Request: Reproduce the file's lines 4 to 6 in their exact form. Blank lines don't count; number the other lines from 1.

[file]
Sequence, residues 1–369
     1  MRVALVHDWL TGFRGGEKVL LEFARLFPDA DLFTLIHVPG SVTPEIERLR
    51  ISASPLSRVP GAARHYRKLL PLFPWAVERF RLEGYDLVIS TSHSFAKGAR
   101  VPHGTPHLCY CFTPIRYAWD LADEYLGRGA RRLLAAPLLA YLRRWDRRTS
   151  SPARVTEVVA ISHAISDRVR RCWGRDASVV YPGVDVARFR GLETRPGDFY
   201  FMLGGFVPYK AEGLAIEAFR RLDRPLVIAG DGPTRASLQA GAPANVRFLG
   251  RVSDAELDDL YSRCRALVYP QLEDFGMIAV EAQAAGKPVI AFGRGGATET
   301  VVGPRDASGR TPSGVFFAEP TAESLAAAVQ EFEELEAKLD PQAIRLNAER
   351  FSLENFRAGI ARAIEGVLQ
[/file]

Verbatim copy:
   101  VPHGTPHLCY CFTPIRYAWD LADEYLGRGA RRLLAAPLLA YLRRWDRRTS
   151  SPARVTEVVA ISHAISDRVR RCWGRDASVV YPGVDVARFR GLETRPGDFY
   201  FMLGGFVPYK AEGLAIEAFR RLDRPLVIAG DGPTRASLQA GAPANVRFLG